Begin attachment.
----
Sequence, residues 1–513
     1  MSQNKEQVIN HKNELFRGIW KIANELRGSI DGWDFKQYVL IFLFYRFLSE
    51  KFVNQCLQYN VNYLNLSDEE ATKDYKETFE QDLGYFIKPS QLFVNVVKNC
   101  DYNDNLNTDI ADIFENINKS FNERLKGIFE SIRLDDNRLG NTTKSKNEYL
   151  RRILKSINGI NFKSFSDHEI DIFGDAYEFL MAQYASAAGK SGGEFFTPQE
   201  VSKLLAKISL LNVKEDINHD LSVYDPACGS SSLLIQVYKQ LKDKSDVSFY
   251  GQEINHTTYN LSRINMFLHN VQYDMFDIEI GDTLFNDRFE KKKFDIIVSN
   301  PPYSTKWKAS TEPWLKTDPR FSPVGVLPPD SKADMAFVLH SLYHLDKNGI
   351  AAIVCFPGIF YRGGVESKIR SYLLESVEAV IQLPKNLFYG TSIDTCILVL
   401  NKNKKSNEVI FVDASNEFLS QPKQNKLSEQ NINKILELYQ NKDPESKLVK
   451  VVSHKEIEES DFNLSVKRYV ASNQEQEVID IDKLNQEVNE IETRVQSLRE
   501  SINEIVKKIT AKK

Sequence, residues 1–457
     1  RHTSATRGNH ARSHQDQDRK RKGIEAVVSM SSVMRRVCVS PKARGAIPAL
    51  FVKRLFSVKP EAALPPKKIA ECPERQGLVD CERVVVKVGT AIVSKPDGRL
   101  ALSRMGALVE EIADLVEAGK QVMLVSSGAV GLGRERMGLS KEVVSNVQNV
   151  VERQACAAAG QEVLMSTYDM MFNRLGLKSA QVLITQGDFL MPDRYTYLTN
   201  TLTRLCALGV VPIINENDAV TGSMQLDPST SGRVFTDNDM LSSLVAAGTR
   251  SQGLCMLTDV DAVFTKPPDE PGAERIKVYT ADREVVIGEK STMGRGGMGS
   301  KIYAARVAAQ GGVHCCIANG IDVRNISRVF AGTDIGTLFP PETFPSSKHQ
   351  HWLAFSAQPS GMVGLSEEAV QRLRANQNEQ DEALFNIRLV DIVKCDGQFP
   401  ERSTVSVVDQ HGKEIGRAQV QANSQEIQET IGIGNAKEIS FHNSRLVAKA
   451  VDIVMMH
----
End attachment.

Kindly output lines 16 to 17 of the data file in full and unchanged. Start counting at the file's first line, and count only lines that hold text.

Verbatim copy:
   101  ALSRMGALVE EIADLVEAGK QVMLVSSGAV GLGRERMGLS KEVVSNVQNV
   151  VERQACAAAG QEVLMSTYDM MFNRLGLKSA QVLITQGDFL MPDRYTYLTN